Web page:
MakeSense's web application allows for a meritocracy to develop among Sensemakers, thanks to the careful tracking of the challenges they solve. A hierarchy of comic book superheroes emerges to rank each Sensemaker according to his or her contributions to the community. Christian tells us about the organic, self-organizing nature of the project: “MakeSense is open to all, but, as in every open source project, there is a sort of meritocracy that emerges based on what each person contributes to the project—as credit is always given, it is easy to see who is uploading more than they are downloading and vice versa. You have people who are really involved in the project and who give a lot, so they have a very good reputation and are well-known within the project. If they ask for something, the Gang is sure to help them.”
Visitors to the MakeSense online platform who are struck by a challenge that particularly appeals to them are then presented with four ways of getting involved in the movement: 1) “I can help”— the Sensemaker can apply his or her personal skills and expertise to the challenge; 2) “I know someone”— the Sensemaker can refer the social entrepreneur to someone by email; 3) “I can spread the word”— the Sensemaker can talk to his or her entourage about the social entrepreneur's mission and challenge; or 4) “I can organize a Hold-up”— the Sensemaker can run a brainstorming event around the challenge.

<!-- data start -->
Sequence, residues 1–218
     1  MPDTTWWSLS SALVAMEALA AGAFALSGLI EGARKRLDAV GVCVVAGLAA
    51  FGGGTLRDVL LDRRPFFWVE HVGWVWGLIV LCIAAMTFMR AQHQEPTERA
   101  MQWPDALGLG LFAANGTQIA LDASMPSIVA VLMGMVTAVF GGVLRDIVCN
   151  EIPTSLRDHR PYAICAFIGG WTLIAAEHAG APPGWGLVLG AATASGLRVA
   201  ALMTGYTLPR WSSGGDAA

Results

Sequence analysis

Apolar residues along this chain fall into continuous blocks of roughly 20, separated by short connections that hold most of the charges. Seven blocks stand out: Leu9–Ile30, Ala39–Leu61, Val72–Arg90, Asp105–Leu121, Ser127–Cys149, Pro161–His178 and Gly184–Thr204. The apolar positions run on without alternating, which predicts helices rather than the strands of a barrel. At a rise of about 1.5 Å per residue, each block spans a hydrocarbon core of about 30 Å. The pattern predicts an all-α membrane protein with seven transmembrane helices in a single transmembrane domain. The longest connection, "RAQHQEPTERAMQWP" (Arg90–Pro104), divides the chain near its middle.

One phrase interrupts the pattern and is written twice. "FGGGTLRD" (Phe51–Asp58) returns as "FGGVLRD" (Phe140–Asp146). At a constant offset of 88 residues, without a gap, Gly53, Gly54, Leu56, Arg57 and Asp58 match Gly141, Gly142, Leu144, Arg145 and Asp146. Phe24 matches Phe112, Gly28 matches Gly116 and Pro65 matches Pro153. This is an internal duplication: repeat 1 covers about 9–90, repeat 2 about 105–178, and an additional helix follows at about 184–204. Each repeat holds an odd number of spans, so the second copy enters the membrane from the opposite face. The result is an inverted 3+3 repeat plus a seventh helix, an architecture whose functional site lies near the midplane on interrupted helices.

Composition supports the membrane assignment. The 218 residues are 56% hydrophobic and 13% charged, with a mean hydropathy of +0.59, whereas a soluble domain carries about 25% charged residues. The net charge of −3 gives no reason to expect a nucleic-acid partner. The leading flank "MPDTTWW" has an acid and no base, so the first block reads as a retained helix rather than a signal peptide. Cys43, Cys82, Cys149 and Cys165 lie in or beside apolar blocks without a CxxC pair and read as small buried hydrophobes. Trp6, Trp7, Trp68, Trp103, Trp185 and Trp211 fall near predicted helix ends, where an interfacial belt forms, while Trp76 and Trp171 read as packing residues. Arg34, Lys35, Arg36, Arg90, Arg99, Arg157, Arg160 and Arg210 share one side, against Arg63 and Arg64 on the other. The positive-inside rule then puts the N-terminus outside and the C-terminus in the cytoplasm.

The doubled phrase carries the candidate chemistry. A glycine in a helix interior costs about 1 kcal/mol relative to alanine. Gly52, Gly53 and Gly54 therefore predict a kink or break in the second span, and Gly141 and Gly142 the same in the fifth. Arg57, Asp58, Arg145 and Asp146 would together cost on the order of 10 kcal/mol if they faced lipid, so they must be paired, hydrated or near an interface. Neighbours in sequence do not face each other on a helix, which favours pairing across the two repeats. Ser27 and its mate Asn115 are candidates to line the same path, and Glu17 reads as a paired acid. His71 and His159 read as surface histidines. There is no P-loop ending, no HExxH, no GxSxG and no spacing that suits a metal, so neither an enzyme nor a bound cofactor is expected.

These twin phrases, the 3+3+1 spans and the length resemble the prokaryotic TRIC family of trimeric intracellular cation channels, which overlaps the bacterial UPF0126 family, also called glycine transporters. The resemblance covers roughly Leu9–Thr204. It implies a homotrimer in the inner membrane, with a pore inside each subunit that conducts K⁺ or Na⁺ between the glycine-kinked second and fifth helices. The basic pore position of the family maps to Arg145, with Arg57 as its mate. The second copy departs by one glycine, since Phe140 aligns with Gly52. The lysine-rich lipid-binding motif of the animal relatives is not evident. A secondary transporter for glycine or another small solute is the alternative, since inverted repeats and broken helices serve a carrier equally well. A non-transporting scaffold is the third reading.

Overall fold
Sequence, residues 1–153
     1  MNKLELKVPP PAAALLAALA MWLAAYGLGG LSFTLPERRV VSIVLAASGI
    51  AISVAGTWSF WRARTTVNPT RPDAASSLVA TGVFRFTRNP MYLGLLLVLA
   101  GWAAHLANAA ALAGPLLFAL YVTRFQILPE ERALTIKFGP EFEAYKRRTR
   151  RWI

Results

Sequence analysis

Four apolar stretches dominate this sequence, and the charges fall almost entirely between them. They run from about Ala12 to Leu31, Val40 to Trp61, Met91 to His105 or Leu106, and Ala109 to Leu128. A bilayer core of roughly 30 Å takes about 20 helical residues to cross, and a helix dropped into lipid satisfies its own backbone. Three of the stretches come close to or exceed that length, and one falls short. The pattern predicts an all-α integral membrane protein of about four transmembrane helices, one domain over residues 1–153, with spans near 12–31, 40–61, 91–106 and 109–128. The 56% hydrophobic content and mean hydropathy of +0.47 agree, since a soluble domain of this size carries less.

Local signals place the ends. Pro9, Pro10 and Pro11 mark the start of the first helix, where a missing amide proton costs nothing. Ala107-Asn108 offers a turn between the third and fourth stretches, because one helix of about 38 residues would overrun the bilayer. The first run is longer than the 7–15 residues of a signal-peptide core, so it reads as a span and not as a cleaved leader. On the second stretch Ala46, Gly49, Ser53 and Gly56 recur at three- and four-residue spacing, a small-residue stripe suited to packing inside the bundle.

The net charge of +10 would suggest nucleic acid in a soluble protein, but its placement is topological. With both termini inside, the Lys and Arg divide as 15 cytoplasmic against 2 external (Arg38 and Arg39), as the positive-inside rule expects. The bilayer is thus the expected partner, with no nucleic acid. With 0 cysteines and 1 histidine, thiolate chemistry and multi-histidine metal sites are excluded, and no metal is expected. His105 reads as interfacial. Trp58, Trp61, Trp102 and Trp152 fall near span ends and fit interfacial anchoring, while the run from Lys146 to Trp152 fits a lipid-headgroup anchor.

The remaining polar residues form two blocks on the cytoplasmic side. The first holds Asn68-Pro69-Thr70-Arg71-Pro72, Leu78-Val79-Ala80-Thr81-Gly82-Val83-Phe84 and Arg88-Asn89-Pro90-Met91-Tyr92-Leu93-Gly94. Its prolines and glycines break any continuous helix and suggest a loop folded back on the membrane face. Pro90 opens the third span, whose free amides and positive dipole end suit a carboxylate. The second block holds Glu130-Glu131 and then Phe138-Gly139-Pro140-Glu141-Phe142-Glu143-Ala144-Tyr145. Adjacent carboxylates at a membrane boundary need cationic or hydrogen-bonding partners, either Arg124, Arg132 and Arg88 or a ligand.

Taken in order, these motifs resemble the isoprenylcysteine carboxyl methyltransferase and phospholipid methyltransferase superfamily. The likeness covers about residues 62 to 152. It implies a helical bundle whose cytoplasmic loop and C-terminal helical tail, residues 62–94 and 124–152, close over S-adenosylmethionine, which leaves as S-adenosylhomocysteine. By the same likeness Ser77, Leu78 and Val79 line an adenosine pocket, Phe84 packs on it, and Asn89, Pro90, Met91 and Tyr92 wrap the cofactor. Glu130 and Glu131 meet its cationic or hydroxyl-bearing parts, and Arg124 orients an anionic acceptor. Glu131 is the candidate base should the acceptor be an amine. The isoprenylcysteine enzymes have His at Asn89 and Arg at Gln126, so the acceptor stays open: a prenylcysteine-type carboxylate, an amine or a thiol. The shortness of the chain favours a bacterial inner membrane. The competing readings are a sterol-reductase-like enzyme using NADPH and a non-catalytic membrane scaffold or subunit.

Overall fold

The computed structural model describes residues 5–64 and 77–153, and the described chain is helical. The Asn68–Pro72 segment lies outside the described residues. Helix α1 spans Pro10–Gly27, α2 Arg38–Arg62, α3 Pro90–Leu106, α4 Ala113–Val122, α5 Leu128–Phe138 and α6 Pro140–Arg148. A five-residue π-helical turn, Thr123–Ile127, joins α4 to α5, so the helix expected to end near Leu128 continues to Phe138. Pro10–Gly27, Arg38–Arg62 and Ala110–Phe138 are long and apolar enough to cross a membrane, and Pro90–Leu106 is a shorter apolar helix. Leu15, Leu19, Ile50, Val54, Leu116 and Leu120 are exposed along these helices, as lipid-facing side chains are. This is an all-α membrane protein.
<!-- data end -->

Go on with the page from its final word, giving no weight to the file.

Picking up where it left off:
MakeSense spreads the social business virus in two ways: online, through the virtual platform of social entrepreneurs and Sensemakers, and offline, through a series of these real-life “Hold-ups” - two-hour long brainstorming workshops held by Gangsters, often yielding five or six detailed solutions to one social entrepreneur's specific challenge. Following the open source model, everyone who is interested and dedicated is invited to participate in these exchanges. Results of each Hold-up are later presented in a short video clip and posted to the online platform in order to inspire other social entrepreneurs who are facing similar challenges.
Christian explains that these Hold-ups are “a way to spread ideas and to show that nothing is truly impossible if you put creativity into it— we can all become social entrepreneurs. Even if the concepts developed are not implemented, at the very least the workshops gather more fans for the social entrepreneur and people feel involved in the project.”
We invite you to visit MakeSense.org to connect with Christian and other Gangsters and become inspired to jump on the social business bandwagon by contributing, in any way you can, to solving the world's challenges!
© Women’s Worldwide Web 2012
Andrea Ashworth is an author, journalist and academic. She has studied, taught or held fellowships at Oxford, Yale and Princeton. Andrea has written fiction and non-fiction for numerous publications, including Vogue, Granta, The Times, The TLS and The Guardian. She is the author of the award-winning and internationally bestselling memoir Once in a House on Fire Andrea works to raise awareness about domestic violence and to promote literacy and education.Meet all the contributors
Andrea Ashworth est écrivain, journaliste et universitaire. Elle a étudié et enseigné à Oxford, Yale et Princeton. Andrea a écrit pour de nombreuses publications, comme Vogue, Granta, The Times, The TLS et The Guardian. Elle est l'auteur d'un bestseller international, La petite fille de Manchester (titre original : "Once in a house on fire") pour lequel elle a reçu un prix. Andrea cherche à sensibiliser l'opinion sur la violence conjugale et à promouvoir l'alphabétisation et l'éducation.Tous nos contributeurs